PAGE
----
Electroactive Polymers

Published - Jan 2006| Analyst - Melvin Schlechter| Code - PLS037A
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Report Highlights

  • On a value basis, conductive plastics have an estimated value of $700 million in 2005, while ICP’s amount to under $60 million. However, ICPs could reach close to $150 million by 2011, while conductive plastics should top the one billion dollar plateau.
  • All electroactive polymers are driven by the ever-increasing demands of electronic devices and the explosive growth of relatively new products such as cellular phones and digital cameras.
  • Organic transistors made from polymers rather than silicon, and the potential movement of light emitting diodes into large displays are the main drivers for ICPs and low dielectric polymers.



Electroactive polymers are at the forefront of several new, important and far-reaching technologies. They require a detailed and up-to-date assessment of their impact on the technology-driven electronics industry.

Electroactive polymers comprise several groups of materials namely a) conductive plastics, which are made from traditional thermoplastics containing fillers that render them conductive, b) inherently conductive polymers (ICPs), which conduct electricity on their own, after being “doped”, c) inherently dissipative polymer (IDPs), which have been modified to become conductive, and d) other polymers with low dielectric constants that have potential in microelectronic applications.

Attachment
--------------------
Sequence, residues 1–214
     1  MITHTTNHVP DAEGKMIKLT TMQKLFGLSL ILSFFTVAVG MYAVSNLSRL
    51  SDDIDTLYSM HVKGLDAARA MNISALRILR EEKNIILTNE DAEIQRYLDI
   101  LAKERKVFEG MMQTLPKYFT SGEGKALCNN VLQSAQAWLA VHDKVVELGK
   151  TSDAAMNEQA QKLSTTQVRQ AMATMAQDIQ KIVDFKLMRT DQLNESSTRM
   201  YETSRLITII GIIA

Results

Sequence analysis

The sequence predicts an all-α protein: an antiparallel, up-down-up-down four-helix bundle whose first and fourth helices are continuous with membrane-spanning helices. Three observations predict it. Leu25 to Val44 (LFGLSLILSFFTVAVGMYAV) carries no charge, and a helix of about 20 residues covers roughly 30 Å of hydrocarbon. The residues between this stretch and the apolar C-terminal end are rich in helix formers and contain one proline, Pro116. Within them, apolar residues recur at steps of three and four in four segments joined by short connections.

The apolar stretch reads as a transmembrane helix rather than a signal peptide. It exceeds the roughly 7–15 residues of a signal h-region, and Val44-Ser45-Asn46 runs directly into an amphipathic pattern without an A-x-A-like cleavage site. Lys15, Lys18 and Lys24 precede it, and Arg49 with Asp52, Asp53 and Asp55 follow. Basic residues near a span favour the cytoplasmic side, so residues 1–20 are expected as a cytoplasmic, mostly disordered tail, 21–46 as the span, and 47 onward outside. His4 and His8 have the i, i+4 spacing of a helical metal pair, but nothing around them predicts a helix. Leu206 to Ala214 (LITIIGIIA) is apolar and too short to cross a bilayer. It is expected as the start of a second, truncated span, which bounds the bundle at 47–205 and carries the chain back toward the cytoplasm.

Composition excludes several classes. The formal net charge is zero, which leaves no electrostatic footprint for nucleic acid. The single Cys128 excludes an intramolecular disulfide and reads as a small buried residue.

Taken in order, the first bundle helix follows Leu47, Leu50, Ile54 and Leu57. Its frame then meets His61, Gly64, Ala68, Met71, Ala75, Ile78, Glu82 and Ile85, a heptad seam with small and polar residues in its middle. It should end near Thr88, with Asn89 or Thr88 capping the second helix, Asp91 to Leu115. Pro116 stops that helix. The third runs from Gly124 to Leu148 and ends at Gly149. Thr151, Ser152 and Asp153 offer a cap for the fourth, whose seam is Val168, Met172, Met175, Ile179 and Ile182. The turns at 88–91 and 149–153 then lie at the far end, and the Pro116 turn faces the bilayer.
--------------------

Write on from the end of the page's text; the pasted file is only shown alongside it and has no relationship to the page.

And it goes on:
Although conductive plastics mimic the conductivity of metals, there are generally compromises that have to be made in terms of the ability to process them, their performance or the economics of producing them. This has driven the search for alternative “conductive plastics” such as ICPs and IDPs. Low dielectric polymer development is still in its infancy and is primarily targeted for flexible electronics.

This timely report analyzes the market for electroactive polymers, and develops a reasonable scenario for applying these materials, most of which are still in the early stages of their development. The study will be invaluable therefore to executives in the plastics industry and to those industries looking to utilize these materials in their own product development.


The study encompasses:


  • Industry trends, R&D and patent activity
  • ICPs, IDPs, and conductively filled polymers
  • Other low dielectric polymer-based materials
  • Applications, technologies, types, developments
  • Market estimates and forecasts
  • Company profiles.



Several procedures were used to gather information and included the following:


  • A complete literature review on products and technology;
  • A patent search;
  • Contacts with key personnel, including producers, suppliers and end users; and
  • Detailed analyses.


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